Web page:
Quick engine cutout in high-G turn - potential causes?

Digitalfiend

New member
So today I let my kid run a gold slide with her Cadet kart. Besides being hilariously quick (for Briggs anyhow), on the 2nd session with the gold slide, she noted that the engine cutout in two relatively high-G corners (one fast tight sweeper and the main hairpin); the engine continued to run fine as soon as she exited the corner. She didn't experience this issue during the first 15 min session of practice. I suspect it was just fuel starvation but I can't explain why. Carb is set to ~.875-.880 float height and 1.080 float drop; needle clip 2nd position, idle mixture set to 2 turns and 1900-2000rpm idle. During the two sessions I didn't hear any breakup or backfiring so I don't think it was too rich or too lean. The following session she was back on her red slide and we didn't experience any cutouts. The first time she noticed it she was probably have been around 5500rpm and the 2nd time it happened, probably 4000rpm or so. I need to review the video again.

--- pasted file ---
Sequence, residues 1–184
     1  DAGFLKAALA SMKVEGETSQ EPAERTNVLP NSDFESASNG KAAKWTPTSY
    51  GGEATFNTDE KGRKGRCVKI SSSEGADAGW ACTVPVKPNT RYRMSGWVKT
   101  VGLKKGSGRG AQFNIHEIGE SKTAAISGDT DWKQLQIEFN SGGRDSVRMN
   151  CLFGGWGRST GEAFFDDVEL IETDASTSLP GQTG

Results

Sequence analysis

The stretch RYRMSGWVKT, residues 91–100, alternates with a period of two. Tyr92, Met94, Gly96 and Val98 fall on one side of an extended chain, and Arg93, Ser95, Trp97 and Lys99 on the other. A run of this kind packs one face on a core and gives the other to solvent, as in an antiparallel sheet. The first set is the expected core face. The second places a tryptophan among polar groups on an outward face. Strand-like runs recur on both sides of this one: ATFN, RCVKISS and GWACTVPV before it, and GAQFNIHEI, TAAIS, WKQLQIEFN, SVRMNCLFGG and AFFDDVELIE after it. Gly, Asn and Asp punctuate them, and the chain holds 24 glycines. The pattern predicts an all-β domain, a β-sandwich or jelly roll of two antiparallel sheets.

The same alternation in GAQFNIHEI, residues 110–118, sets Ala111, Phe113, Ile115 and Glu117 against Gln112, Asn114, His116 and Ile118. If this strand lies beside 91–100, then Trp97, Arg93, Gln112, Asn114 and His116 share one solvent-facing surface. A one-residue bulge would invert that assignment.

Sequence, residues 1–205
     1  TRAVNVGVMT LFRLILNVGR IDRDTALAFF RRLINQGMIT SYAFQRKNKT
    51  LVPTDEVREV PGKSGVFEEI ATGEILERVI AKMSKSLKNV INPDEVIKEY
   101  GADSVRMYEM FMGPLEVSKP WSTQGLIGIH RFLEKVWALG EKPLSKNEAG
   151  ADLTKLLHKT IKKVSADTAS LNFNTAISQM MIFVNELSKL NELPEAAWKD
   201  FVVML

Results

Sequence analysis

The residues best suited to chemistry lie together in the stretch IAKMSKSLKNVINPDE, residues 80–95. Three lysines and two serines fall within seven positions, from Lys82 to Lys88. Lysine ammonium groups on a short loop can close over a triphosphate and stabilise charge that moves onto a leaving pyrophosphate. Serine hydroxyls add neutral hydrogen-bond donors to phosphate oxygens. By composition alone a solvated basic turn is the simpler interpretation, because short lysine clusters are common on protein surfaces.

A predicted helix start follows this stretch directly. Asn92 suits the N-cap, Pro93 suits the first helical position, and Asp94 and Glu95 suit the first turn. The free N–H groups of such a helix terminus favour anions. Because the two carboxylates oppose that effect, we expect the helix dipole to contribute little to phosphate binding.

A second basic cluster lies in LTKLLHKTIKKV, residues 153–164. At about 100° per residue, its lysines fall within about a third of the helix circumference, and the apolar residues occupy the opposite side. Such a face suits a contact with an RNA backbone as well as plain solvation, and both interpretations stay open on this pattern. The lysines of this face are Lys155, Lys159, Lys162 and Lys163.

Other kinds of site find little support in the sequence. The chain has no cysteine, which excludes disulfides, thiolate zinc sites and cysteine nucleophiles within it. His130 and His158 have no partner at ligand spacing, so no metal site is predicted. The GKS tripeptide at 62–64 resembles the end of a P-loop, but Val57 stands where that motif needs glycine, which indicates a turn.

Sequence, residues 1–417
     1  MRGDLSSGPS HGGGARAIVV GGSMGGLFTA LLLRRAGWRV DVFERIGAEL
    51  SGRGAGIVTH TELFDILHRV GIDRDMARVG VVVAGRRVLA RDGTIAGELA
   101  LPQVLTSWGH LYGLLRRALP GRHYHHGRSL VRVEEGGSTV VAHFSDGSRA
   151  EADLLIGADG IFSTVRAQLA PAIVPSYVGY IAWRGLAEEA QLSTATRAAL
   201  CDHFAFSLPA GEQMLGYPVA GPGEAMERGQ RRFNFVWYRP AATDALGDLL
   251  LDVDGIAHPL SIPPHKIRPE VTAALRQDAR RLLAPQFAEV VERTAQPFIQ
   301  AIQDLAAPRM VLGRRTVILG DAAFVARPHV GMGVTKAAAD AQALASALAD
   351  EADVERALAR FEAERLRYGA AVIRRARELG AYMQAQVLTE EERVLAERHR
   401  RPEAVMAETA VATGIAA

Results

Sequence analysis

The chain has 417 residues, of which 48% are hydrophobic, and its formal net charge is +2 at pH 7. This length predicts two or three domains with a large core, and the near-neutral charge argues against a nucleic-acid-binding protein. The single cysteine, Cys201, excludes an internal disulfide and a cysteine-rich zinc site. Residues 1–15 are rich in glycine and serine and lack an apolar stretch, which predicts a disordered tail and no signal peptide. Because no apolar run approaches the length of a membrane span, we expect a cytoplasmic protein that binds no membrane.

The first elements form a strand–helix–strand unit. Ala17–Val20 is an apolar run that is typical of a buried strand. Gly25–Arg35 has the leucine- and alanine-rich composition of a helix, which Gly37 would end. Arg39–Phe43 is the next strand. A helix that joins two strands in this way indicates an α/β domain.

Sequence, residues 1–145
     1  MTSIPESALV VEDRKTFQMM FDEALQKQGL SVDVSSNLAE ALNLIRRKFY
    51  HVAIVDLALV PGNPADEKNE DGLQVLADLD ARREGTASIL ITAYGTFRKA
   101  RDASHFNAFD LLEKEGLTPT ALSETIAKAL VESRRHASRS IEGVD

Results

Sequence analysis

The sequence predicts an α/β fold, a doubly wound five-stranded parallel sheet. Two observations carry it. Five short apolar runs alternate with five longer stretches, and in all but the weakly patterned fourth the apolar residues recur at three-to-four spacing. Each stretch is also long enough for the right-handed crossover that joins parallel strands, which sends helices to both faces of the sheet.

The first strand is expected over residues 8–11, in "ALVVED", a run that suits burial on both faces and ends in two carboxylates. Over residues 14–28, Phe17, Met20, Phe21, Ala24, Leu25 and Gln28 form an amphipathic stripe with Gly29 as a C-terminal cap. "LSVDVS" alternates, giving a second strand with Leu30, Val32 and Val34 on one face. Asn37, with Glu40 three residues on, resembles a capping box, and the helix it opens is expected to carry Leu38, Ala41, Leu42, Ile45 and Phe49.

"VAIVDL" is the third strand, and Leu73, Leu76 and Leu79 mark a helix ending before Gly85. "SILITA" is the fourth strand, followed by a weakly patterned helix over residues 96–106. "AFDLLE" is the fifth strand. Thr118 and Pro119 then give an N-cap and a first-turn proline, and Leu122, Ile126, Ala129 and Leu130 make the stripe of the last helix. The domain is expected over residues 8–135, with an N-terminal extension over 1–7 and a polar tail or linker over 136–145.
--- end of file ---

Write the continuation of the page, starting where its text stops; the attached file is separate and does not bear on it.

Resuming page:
Any thoughts as to what may have caused this or what to look for? I thoroughly cleaned the carb for tomorrow's race, so I think we should be fine.

Thanks!
 

flattop1

Dawg 89
Fuel level , fuel supply .
As said float height and or drop .
Also venting both in the tank and carb .
Possibly could readjust carb angle .
Debris in tank or pinching / moving fuel lines
 

Brianf60

Member
We experienced this even changing slides as well. Going to a smaller float height was the cure but to be honest in our case we were running a more aggressive float height.